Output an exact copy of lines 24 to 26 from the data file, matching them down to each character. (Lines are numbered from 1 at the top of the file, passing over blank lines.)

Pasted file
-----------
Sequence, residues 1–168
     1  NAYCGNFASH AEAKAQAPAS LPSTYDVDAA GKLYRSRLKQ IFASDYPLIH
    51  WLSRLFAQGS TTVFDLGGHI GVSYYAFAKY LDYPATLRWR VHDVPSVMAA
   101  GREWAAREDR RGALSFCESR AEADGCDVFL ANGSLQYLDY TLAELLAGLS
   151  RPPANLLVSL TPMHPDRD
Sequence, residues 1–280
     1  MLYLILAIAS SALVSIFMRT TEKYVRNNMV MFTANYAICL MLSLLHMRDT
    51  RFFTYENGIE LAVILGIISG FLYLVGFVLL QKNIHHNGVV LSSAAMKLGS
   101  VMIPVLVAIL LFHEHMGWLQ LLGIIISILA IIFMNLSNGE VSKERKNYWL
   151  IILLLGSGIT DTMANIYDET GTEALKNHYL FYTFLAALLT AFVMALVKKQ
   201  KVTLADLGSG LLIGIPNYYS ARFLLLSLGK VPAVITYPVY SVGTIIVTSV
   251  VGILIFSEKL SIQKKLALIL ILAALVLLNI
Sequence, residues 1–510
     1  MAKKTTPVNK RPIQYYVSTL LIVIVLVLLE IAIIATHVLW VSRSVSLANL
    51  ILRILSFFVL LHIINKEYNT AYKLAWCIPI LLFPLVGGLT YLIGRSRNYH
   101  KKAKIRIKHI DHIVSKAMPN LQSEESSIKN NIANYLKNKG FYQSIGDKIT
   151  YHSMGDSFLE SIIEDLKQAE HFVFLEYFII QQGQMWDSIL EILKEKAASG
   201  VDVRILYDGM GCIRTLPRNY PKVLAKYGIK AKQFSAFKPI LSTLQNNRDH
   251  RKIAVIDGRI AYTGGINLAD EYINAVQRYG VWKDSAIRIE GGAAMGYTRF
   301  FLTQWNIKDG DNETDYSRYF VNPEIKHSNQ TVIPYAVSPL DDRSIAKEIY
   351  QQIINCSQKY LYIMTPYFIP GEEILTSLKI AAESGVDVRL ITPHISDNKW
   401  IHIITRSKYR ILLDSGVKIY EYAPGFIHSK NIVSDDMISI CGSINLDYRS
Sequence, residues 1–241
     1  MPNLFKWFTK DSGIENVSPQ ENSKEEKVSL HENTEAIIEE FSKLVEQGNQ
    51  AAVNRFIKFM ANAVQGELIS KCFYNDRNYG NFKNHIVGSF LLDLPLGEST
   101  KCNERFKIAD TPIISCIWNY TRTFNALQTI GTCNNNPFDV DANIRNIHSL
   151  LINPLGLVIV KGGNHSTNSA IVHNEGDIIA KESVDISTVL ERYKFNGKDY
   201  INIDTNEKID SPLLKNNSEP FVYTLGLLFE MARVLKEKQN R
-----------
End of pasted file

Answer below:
     1  MPNLFKWFTK DSGIENVSPQ ENSKEEKVSL HENTEAIIEE FSKLVEQGNQ
    51  AAVNRFIKFM ANAVQGELIS KCFYNDRNYG NFKNHIVGSF LLDLPLGEST
   101  KCNERFKIAD TPIISCIWNY TRTFNALQTI GTCNNNPFDV DANIRNIHSL